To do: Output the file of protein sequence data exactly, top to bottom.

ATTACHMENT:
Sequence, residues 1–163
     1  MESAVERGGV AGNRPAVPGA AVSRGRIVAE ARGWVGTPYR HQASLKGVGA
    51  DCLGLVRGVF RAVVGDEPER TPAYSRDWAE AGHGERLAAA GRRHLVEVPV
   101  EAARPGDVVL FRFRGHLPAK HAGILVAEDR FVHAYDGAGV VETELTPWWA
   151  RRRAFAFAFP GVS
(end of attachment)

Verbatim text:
Sequence, residues 1–163
     1  MESAVERGGV AGNRPAVPGA AVSRGRIVAE ARGWVGTPYR HQASLKGVGA
    51  DCLGLVRGVF RAVVGDEPER TPAYSRDWAE AGHGERLAAA GRRHLVEVPV
   101  EAARPGDVVL FRFRGHLPAK HAGILVAEDR FVHAYDGAGV VETELTPWWA
   151  RRRAFAFAFP GVS